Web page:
DA NANG, Vietnam — One of the more notable conversations I’ve had so far was with an older Vietnamese man while we were riding a bus. I asked him if they had free speech.
He smiled and said, “Yes. Here in Vietnam, a communist country, we have free speach, but after the speech, we no longer free.”
Here are some daily observations since you last heard from me:
Went to Ba Binh Square and visited Ho Chi Minh’s Mausoleum.
I lined up with hundreds of Vietnamese and foreigners to wait there and see the body of Ho Chi Minh lying in state. It was well guarded inside and out. Not allowed to take pictures inside. The guards would make anyone remove their hands from their pockets and remove all headgear as a respect to their leader.
Everyone in Vietnam calls Ho Chi Minh "Uncle Ho." We saw the presidential palace where Ho Chi Minh lived. He lived on the grounds in a very simple house. We saw the One Pillar Pagoda.
After the mausoleum visit, we went by coach to visit the Hanoi Hi Hon (Prison) where American fliers were incarcerated. Saw a picture of John McCain when he was shot down and brought to the prison.
Departed Hanoi by plane and flew to Hue, the cultural center of Vietnam.
Hue was the capital of Vietnam from 1802-1945, where the last emperor abdicated to Ho Chi Minh in Hanoi.
Ho Chi Minh made Hanoi the capital of Vietnam. We arrived at our hotel in Hue and took cyclos (three-wheeled bicycle taxis) to see the Citadel, the imperial city and the forbidden Purple House (Home of the Kings).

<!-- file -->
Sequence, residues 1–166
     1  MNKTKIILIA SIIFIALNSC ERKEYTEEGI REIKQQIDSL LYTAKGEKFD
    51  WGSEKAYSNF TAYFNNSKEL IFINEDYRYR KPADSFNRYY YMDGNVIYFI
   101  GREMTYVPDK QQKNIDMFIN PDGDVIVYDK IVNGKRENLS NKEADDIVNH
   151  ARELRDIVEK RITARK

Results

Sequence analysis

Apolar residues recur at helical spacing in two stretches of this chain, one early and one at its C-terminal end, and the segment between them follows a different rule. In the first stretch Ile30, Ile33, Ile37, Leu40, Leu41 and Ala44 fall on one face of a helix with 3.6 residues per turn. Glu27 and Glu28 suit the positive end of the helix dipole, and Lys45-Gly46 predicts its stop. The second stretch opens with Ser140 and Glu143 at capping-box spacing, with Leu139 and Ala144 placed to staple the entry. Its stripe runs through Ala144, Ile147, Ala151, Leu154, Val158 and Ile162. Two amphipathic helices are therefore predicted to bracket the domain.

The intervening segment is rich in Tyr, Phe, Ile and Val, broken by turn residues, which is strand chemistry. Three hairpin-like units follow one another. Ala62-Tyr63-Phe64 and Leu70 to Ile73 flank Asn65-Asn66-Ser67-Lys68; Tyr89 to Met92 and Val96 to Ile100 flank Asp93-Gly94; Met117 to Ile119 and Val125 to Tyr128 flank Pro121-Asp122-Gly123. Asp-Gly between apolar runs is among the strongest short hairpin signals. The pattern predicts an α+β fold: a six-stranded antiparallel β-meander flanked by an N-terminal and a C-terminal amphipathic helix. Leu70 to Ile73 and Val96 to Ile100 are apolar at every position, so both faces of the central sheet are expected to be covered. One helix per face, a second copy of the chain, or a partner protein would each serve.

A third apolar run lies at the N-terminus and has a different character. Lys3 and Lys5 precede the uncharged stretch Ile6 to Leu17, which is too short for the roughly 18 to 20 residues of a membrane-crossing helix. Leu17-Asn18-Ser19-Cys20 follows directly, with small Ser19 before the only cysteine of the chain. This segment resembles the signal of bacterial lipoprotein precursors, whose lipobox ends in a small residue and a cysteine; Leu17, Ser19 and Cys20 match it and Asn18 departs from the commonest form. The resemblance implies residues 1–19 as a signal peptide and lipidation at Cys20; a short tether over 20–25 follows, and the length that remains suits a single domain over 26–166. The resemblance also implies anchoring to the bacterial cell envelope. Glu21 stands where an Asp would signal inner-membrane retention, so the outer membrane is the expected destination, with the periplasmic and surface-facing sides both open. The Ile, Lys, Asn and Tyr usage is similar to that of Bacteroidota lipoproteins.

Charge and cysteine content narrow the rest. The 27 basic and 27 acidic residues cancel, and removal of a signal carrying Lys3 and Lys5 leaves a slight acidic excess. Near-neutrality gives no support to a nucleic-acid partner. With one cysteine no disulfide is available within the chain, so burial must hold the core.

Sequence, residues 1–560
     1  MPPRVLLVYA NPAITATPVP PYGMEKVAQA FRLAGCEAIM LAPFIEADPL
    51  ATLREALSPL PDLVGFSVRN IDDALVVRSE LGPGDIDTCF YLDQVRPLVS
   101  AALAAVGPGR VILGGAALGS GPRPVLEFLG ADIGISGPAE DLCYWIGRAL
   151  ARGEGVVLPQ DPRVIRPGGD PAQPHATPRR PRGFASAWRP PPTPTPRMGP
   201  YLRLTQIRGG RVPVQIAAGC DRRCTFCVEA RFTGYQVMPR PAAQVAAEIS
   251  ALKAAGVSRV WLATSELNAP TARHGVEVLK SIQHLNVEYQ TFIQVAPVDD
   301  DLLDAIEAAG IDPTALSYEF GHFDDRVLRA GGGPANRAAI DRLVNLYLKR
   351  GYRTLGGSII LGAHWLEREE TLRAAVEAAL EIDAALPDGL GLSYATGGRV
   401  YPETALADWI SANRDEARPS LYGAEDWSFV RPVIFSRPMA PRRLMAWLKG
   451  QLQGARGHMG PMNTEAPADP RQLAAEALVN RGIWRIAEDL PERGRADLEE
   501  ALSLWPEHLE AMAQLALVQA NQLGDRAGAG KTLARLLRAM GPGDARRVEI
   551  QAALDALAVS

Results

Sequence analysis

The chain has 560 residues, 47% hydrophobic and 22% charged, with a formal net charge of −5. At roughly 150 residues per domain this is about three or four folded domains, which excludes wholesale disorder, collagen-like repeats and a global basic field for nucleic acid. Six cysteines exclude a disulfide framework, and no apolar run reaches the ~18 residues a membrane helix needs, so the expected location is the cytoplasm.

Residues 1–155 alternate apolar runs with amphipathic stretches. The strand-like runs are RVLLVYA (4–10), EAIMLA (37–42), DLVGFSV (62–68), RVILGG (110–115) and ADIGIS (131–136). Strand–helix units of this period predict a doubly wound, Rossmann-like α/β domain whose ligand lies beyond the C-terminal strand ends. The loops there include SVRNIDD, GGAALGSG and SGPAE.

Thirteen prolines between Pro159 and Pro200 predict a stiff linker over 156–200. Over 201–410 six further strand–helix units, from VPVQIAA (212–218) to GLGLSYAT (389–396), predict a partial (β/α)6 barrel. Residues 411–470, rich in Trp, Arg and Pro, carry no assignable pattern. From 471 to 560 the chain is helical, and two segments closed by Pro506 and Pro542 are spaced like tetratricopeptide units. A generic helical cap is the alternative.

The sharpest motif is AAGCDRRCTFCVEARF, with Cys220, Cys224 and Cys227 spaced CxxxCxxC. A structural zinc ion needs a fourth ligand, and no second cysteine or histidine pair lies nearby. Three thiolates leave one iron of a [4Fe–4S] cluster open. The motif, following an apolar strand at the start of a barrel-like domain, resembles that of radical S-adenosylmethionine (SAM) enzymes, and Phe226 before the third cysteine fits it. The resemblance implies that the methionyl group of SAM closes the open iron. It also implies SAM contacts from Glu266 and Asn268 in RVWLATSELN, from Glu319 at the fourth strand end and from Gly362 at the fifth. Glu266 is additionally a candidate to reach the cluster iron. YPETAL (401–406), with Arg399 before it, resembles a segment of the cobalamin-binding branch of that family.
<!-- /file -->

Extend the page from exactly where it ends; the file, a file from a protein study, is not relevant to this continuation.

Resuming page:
We then went to a Buddhist temple and saw the monks at work and prayer. We then took a riverboat and returned to hotel by way of the Perfume River.
Today we visited the tomb/mausoleum of Emperor Tu Duc. Very beautiful area. We departed Hue and took a bus over the Hai Van Pass to Da Nang. There were many battles in Hue and the pass to Da Nang and in Da Nang. After 40-plus years you can sill see damage from artillery and bombs.
Most of the Vietnamese here (approximately 60 to 65 percent) were born after 1975. The war is their history. The average median age in Vietnam is 25 to 28 years old. They have been and are very respectful and courteous. The young Vietnamese people are call the New Vietnam because of their age and desires.
I certainly don’t know much about political climate, but the 60-plus generation of Vietnamese say that even though Vietnam is considered by the world to be communist, that's not completely true.
They say they are somewhere between communism and capitalism because of the young Vietnamese who want material things, prestige and the chance to let their ability flourish. At the end of the Vietnam War in 1975, there were about 42 to45 million people in Vietnam. Today, thereare approximately 90 million.
Lima veteran Ray Magnus